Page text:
He was born November 13, 354, the oldest son of a pagan father and a Christian mother, and raised among the aristocracy of the late Roman Empire in North Africa. He told unflinchingly of his somewhat profligate youth. He told of teaching rhetoric in Milan and writing speeches for the emperor. His genius was evident. He told in detail of his quest for truth in the dualistic religion of Manichaeism and his eventual disenchantment with it. He told of hearing the sermons of Ambrose that pointed him in a new direction. He told beautifully of his dramatic conversion on the day he heard a child’s voice singing in the garden, “take and read,” and how when he turned at random in the New Testament he read Paul’s words, “put on the Lord Jesus Christ.” He told of how he and three other friends chose to enter a monastic life. He told of becoming the bishop of Hippo. All along the way there were the profound musings of a philosopher on the nature of time and memory, and more importantly, the prayers of a Christian seeker exploring the mysteries of God.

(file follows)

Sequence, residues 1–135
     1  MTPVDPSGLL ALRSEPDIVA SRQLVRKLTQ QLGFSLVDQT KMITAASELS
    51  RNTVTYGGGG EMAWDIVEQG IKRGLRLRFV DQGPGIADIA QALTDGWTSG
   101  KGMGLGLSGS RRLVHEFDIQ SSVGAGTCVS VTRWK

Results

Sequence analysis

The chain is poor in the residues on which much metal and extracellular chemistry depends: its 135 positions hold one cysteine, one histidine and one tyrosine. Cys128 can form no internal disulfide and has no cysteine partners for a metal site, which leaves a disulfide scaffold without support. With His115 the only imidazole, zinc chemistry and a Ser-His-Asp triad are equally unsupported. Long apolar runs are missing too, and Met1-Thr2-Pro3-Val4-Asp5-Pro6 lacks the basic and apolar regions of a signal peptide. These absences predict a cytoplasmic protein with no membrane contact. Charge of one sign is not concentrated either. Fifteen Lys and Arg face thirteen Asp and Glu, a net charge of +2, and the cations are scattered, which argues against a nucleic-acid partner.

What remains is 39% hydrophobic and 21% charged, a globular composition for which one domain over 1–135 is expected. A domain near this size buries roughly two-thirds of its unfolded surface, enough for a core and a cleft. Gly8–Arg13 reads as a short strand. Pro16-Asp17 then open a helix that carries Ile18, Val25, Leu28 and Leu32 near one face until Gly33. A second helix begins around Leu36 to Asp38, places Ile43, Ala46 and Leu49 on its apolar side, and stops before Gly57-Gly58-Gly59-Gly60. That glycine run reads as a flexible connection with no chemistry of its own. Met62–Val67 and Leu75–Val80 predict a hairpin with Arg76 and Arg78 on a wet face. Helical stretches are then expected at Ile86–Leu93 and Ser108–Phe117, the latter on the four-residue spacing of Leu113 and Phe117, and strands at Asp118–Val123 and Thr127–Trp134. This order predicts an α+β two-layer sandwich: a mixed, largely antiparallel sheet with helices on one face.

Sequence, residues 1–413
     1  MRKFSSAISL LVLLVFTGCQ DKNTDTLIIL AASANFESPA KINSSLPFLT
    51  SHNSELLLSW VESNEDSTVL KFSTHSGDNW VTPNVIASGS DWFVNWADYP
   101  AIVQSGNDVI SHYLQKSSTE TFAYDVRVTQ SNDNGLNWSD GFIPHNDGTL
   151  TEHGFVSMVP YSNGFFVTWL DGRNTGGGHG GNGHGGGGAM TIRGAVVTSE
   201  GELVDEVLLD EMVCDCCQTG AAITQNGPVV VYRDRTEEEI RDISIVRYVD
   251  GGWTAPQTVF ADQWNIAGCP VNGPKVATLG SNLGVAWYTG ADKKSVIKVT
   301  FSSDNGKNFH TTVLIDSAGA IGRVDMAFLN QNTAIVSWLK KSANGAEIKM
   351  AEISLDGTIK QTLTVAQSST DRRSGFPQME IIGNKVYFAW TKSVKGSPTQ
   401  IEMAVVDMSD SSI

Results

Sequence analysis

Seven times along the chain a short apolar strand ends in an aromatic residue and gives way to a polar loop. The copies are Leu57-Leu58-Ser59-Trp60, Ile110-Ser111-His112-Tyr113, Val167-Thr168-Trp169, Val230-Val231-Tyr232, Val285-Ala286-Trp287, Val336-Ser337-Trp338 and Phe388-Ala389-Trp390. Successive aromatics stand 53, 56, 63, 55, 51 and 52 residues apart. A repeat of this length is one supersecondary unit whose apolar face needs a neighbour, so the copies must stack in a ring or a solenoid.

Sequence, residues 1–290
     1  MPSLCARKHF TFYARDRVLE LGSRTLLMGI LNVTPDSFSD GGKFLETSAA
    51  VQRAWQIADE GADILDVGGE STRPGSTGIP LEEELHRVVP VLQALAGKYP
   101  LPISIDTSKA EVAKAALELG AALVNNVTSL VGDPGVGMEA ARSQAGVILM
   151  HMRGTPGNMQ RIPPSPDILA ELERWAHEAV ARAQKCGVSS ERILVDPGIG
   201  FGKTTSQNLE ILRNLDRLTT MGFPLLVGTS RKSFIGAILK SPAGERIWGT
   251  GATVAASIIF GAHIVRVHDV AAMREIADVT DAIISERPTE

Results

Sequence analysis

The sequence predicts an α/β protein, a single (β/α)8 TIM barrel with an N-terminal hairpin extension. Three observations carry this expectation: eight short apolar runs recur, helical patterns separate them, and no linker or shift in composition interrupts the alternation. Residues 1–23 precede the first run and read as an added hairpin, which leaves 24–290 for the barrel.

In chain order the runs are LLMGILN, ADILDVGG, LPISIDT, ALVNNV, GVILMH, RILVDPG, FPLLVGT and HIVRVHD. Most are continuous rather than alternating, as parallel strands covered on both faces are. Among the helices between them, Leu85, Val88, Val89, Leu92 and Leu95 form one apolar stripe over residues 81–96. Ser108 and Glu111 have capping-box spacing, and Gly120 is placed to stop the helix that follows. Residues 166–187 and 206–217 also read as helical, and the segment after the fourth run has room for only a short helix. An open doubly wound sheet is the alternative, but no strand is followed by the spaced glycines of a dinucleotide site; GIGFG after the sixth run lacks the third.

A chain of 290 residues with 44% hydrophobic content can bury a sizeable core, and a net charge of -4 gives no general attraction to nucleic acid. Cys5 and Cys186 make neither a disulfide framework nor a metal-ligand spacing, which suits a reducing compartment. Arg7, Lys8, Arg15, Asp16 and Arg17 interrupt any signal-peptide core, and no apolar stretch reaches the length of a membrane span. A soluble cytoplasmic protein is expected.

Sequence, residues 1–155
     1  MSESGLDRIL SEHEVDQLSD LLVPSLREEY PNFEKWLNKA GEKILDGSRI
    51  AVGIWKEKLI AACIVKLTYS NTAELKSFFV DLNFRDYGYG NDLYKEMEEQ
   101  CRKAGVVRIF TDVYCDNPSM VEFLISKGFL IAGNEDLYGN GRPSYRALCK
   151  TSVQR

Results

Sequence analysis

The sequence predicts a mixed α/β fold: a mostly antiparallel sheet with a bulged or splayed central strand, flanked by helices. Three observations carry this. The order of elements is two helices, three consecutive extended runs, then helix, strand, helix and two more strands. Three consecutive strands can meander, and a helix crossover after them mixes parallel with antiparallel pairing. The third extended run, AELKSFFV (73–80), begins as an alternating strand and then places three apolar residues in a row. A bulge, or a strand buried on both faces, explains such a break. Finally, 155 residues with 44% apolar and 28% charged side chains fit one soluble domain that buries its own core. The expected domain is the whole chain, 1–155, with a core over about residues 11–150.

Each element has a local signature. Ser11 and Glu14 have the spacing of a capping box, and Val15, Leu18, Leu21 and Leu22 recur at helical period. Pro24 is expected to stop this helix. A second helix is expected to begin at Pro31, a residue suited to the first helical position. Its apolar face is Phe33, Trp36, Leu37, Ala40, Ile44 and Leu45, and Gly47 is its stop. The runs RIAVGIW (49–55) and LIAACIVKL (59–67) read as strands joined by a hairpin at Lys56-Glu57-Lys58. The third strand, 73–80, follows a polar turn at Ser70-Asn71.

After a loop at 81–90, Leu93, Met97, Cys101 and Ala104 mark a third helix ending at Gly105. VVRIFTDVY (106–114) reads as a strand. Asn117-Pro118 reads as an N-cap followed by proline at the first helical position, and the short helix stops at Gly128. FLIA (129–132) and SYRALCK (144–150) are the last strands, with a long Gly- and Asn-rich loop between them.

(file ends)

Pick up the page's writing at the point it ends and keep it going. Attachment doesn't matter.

As I read Confessions on that Sunday afternoon I was deeply moved. I closed the book, set it down beside me, and prayed this prayer: O God, I want to dedicate the rest of my life to knowing you as you are revealed in Christ. As much as I can mean anything in a single moment, I mean this prayer. Help me to know you. Amen.

As I finished my brief, but deeply sincere prayer, something strange happened. I felt something in my chest. Words. I felt words, not in my mind, but in my chest. Words I wanted to speak. I felt I had to say these words to someone: Come with me. Come with me and you won’t get cheated. Come with me. It was a mystical experience — a mystical experience I couldn’t deny or ignore. The next weekend I preached a sermon entitled “Come With Me.” Here’s a quote from my sermon notes:

Many Christians start out with Jesus but end up cheated. Instead of the endless adventure of searching out the mystery of Christ, they settle for something else. They get cheated. Come with me. I promise you won’t get cheated. We’re going to explore the fullness of Christ. Come with me.